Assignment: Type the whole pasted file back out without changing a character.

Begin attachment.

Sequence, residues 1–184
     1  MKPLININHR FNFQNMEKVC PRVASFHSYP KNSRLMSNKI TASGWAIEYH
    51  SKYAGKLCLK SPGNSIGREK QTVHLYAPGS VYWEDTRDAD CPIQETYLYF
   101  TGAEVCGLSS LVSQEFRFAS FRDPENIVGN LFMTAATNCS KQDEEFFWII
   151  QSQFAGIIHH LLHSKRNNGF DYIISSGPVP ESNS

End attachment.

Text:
Sequence, residues 1–184
     1  MKPLININHR FNFQNMEKVC PRVASFHSYP KNSRLMSNKI TASGWAIEYH
    51  SKYAGKLCLK SPGNSIGREK QTVHLYAPGS VYWEDTRDAD CPIQETYLYF
   101  TGAEVCGLSS LVSQEFRFAS FRDPENIVGN LFMTAATNCS KQDEEFFWII
   151  QSQFAGIIHH LLHSKRNNGF DYIISSGPVP ESNS